FA branded 'sexist' after suggesting girls use pink whistles and take Twitter breaks during football sessions

The Football Association has been labelled "sexist" for guidelines that suggest women should play football in colourful bibs that "smell nice" and take "Twitter breaks" during training sessions - although the FA has argued it was reflective of research and a "creative approach".

The guidelines also suggest that football sessions be advertised in "places where girls go, i.e. coffee shops or on the back of toilet doors".

The FA says attendance should be awarded with giveaways of items such pink whistles and other kit.

According to the FA, the guidelines were drawn up in 2014 and were built on the views of young girls who, the FA has suggested, should be more readily listended to and better represented.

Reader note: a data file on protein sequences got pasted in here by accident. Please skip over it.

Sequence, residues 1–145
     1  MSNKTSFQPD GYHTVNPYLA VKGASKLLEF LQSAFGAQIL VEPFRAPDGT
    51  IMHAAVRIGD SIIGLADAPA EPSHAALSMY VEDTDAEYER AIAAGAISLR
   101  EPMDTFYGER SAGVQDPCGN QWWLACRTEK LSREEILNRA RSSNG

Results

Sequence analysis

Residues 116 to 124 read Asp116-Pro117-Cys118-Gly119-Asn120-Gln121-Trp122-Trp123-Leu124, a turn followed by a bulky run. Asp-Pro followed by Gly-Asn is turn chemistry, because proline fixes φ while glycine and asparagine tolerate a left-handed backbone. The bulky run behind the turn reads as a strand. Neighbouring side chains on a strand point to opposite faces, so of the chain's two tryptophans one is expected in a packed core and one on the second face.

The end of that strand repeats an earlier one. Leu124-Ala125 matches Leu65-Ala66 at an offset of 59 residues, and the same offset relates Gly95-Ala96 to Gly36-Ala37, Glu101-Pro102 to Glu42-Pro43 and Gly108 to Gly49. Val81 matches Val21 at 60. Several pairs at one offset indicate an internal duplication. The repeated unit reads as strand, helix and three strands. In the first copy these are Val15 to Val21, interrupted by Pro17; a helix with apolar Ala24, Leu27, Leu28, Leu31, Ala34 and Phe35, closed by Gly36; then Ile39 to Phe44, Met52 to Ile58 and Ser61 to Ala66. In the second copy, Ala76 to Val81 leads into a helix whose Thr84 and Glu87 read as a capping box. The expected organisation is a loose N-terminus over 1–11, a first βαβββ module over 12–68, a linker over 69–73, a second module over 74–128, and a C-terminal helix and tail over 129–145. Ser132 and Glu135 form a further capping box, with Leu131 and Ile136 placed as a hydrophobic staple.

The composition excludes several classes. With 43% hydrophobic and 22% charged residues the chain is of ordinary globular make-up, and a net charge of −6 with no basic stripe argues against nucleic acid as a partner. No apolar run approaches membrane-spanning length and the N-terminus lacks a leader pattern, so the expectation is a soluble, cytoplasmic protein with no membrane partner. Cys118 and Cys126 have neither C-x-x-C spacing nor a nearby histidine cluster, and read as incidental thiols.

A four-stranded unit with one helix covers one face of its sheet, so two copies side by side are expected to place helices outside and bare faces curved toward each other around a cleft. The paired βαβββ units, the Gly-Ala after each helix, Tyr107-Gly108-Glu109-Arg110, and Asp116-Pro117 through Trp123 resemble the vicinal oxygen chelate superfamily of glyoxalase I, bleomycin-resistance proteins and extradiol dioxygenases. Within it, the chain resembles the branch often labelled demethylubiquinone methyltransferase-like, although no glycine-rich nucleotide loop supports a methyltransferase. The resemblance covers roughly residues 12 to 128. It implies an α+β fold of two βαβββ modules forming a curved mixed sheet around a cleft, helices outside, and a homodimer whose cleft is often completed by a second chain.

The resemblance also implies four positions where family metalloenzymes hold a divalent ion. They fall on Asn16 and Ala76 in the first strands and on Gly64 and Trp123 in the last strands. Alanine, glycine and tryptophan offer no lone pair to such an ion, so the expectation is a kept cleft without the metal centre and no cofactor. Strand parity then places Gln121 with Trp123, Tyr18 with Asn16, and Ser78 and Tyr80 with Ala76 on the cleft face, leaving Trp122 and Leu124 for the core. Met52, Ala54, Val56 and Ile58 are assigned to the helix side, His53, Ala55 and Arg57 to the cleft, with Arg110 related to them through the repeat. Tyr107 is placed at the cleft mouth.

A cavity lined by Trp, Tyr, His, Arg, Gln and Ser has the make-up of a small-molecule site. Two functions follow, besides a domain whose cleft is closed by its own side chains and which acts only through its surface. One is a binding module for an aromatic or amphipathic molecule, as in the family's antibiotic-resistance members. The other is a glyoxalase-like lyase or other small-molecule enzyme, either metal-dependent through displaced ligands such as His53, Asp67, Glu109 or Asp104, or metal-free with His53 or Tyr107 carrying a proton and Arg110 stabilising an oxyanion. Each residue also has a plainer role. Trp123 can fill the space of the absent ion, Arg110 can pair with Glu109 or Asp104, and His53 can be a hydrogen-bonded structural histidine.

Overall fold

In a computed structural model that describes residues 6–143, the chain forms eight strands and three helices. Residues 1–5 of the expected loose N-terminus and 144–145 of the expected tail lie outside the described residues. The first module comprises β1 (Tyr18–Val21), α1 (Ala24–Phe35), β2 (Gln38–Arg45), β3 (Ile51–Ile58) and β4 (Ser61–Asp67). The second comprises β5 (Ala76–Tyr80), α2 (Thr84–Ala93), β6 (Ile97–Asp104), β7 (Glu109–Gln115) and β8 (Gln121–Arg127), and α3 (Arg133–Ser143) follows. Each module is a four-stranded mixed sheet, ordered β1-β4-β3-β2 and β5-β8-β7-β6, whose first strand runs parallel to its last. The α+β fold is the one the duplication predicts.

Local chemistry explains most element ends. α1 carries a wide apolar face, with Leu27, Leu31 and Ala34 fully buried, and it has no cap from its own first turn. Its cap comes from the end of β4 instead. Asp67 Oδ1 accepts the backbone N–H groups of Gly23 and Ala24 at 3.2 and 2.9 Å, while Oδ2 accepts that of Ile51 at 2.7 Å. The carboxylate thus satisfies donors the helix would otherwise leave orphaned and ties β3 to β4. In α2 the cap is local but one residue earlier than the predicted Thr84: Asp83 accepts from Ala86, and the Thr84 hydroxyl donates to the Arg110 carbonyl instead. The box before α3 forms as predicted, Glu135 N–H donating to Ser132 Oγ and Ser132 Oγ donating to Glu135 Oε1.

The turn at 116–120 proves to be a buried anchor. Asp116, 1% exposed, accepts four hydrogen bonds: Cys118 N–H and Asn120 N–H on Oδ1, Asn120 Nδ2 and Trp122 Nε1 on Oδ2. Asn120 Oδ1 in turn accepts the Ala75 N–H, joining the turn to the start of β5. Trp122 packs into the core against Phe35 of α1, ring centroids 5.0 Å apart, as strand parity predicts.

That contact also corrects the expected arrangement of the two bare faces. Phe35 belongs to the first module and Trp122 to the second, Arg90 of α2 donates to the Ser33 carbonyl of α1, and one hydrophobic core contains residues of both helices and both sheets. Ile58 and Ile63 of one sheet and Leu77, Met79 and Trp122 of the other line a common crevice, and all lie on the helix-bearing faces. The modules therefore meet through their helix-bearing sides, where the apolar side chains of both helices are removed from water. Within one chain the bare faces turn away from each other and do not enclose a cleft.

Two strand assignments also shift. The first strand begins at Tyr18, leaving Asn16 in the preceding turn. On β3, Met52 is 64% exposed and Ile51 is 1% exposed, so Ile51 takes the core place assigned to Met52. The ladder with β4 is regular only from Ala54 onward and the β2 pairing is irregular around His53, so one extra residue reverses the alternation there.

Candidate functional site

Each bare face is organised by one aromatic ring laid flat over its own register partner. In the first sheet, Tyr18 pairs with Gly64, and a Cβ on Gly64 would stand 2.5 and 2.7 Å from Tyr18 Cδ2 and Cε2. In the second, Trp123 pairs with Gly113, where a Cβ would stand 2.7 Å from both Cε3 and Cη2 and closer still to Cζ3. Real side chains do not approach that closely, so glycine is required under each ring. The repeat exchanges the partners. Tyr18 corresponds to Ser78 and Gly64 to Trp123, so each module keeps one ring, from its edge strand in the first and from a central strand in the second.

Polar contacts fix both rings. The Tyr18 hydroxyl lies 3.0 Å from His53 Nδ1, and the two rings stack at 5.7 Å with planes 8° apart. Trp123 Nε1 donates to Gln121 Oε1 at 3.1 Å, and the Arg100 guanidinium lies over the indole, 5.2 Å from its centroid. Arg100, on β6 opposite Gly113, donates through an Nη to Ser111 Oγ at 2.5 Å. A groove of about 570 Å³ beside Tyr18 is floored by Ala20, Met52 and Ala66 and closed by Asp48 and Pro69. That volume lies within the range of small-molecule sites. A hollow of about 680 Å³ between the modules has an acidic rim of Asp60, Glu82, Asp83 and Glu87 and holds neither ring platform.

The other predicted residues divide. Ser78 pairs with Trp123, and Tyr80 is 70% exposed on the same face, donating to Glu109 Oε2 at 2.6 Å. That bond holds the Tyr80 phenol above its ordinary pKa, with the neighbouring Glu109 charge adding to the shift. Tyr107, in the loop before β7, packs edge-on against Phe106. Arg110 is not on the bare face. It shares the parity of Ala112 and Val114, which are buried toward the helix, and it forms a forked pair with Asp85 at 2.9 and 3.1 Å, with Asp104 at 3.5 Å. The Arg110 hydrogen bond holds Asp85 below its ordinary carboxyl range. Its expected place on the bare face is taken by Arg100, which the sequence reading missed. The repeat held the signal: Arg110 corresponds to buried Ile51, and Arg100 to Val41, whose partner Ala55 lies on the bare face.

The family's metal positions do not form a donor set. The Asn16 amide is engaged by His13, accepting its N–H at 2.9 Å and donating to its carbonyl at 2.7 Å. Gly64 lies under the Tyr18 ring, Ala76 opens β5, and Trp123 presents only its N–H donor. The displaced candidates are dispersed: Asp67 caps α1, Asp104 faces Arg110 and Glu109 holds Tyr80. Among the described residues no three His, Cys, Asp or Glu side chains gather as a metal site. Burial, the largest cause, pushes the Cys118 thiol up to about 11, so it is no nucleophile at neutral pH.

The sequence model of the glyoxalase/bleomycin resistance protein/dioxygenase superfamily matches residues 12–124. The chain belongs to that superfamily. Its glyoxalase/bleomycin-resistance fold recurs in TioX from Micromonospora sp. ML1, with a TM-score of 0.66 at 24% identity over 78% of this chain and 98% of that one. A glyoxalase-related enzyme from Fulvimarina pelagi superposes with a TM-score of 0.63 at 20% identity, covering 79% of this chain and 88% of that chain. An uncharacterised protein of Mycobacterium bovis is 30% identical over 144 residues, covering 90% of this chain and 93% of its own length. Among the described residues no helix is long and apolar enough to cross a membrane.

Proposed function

Despite being two years old, the guidelines have been spread across social media in the past 24 hours, with many people slamming them as sexist or offensive.

On Monday (12 December), the FA released a statement saying: "The document is aimed at engaging young women who don't currently play football. It was created following research into women and girls playing football, with feedback from both participants and non-participants, and encourages a creative approach to increasing participation numbers."

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